Cards on the Table

Literary significance and reception

The Times Literary Supplement (14 November 1936) stated favourably in its review by Caldwell Harpur that, "Poirot scores again, scores in two senses, for this appears to be the authoress's twentieth novel. One of the minor characters in it is an authoress of thirty-two detective novels; she describes in several amusing pages the difficulties of her craft. Certainly Mrs. Christie ought to know them, but she continues to surmount them so well that another score of novels may be hoped for."[6]

In The New York Times Book Review (28 February 1937), Isaac Anderson concluded, "The story is ingenious, but there are one or two loose ends left dangling when his explanation is finished. Cards on the Table is not quite up to Agatha Christie's best work.".[7]

In The Observer's issue of 15 November 1936, in a review section entitled Supreme de Poirot, "Torquemada" (Edward Powys Mathers) said, "I was not the only one who thought that Poirot or his creator had gone a little off the rails in Murder in Mesopotamia, which means that others beside myself will rejoice at Mrs. Christie's brilliant come-back in Cards on the Table. This author, unlike many who have achieved fame and success for qualities quite other than literary ones, has studied to improve in every branch of writing in each of her detective stories. The result is that, in her latest book, we note qualities of humour, composition and subtlety which we would have thought beyond the reach of the writer of The Mysterious Affair at Styles. Of course, the gift of bamboozlement, with which Agatha Christie was born, remains, and has never been seen to better advantage than in this close, diverting and largely analytical problem. Cards on the Table is perhaps the most perfect of the little grey cells".[8]

The Scotsman (19 November 1936) wrote: "There was a time when M. Hercule Poirot thought of going into retirement in order to devote himself to the cultivation of marrows. Fortunately, the threat was never carried out; and in Mrs Christie's latest novel the little Belgian detective is in very good form indeed. The plot is simple but brilliant." The review concluded by saying, "Mrs Oliver, the novelist, is one of Mrs Christie's most amusing creations.[9]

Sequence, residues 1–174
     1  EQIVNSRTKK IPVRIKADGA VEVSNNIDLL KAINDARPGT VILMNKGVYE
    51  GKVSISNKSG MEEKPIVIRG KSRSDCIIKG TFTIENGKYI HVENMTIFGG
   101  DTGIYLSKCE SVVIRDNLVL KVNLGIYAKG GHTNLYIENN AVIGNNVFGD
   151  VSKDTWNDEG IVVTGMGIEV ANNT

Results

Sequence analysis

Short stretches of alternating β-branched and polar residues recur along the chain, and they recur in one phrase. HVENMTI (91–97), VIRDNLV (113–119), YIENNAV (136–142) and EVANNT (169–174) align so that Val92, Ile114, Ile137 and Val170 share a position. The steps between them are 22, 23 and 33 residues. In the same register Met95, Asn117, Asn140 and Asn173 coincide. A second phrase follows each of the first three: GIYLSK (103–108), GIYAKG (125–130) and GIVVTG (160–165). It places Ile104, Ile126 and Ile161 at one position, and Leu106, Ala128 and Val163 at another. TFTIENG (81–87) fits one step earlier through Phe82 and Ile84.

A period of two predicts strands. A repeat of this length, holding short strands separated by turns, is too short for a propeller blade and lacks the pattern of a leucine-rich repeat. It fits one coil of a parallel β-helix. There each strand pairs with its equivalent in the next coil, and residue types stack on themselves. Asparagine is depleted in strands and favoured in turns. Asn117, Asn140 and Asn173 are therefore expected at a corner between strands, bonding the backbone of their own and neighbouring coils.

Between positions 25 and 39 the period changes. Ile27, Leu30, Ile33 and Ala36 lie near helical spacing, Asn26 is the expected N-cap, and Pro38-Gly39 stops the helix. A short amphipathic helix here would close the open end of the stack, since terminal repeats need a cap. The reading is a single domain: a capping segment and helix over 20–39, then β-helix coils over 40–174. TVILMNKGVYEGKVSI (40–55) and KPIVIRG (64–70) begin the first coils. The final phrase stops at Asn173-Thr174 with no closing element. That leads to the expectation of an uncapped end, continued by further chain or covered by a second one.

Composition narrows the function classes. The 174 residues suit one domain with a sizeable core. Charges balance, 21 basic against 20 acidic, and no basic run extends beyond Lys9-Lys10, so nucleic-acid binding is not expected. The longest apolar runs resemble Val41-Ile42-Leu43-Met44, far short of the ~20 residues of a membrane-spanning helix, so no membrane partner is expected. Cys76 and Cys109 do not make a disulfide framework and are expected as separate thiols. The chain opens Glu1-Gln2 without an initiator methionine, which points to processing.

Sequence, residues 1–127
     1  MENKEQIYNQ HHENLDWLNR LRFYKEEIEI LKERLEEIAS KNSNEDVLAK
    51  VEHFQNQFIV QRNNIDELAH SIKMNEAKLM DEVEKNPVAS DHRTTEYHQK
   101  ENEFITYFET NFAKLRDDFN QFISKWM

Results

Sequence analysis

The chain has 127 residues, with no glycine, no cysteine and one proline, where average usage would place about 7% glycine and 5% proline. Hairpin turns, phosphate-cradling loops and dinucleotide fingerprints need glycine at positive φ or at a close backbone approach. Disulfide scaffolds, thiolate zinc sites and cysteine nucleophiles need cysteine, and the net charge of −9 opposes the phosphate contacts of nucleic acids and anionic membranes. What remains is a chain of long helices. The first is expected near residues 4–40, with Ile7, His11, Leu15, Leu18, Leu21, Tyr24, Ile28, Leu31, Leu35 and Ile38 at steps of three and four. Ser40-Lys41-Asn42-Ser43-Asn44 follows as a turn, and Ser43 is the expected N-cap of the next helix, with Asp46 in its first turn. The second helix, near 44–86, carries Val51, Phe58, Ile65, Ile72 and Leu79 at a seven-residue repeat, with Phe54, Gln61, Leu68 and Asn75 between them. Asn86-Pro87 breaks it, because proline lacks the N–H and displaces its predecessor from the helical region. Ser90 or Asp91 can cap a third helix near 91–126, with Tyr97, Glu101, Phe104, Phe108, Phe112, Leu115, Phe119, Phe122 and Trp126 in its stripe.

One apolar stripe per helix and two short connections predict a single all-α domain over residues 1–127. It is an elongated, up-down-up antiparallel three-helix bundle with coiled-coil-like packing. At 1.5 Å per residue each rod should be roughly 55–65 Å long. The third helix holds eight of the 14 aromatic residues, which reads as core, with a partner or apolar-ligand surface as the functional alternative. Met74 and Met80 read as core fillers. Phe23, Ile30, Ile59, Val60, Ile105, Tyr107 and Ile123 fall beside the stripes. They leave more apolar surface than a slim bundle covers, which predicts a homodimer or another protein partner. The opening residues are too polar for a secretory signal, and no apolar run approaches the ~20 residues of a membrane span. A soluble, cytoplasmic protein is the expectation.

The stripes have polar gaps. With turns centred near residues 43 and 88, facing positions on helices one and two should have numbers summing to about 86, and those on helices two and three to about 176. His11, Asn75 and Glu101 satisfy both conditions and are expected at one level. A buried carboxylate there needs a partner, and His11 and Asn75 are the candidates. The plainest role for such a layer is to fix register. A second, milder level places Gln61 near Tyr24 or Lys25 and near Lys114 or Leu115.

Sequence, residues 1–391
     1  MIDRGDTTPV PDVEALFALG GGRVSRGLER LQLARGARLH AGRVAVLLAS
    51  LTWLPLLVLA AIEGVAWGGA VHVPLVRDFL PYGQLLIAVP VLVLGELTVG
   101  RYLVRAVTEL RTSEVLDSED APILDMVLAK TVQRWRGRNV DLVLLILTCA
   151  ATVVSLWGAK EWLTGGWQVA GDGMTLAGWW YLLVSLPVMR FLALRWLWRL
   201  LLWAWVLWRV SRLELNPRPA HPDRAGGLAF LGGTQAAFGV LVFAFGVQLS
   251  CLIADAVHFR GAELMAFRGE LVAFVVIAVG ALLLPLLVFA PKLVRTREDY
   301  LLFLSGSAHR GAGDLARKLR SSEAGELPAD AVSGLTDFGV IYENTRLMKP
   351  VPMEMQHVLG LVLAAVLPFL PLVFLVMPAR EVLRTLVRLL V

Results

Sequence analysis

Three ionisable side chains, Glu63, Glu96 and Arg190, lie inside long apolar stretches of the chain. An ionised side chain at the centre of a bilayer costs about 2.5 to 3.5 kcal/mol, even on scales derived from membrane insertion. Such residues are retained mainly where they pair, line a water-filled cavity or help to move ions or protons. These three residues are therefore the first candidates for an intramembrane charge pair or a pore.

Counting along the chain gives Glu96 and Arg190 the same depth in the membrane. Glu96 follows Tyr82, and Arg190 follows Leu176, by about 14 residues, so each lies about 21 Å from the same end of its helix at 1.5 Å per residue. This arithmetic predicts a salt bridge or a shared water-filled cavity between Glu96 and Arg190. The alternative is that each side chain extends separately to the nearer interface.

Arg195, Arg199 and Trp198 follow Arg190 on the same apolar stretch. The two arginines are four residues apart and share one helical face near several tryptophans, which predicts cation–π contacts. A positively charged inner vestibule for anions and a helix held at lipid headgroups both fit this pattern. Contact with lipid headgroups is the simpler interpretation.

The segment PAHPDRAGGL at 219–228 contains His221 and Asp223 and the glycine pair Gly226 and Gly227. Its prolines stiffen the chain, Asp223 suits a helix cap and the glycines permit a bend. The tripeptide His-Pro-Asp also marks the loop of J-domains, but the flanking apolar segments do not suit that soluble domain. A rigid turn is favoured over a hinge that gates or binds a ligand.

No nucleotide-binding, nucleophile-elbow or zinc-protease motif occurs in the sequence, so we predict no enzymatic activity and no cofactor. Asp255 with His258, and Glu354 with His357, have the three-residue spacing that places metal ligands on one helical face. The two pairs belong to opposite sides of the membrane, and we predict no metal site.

E.R. Punshon of The Guardian reviewed the novel in 20 November 1936 issue when he began, "Even in a tale of crime and mystery humour is often of high value." He went on to say that, "In this respect…Agatha Christie shows herself once again…a model of detective tales. There are delightful passages when Poirot anxiously compares other moustaches with his own and awards his own the palm, when his lips are forced to utter the unaccustomed words 'I was in error', when Mrs. Oliver, famous authoress, discourses upon art and craft of fiction. But all that never obscures the main theme as Poirot gradually unravels the puzzle of which four bridge-players had murdered their host." He concluded, "Largely by a careful study of the score, Poirot is able to reach the truth, and Mrs Christie sees to it that he does so by way of springing upon the reader one shattering surprise after another."[10]

Robert Barnard: "On the very top rung. Special opportunities for bridge enthusiasts, but others can play. Superb tight construction and excellent clueing. Will be read as long as hard-faced ladies gather for cards."[11]

Charles Osborne: "Cards on the Table is one of Agatha Christie's finest and most original pieces of crime fiction: even though the murderer is, as the author has promised, one of the four bridge players, the ending is positively brilliant and a complete surprise." [12]

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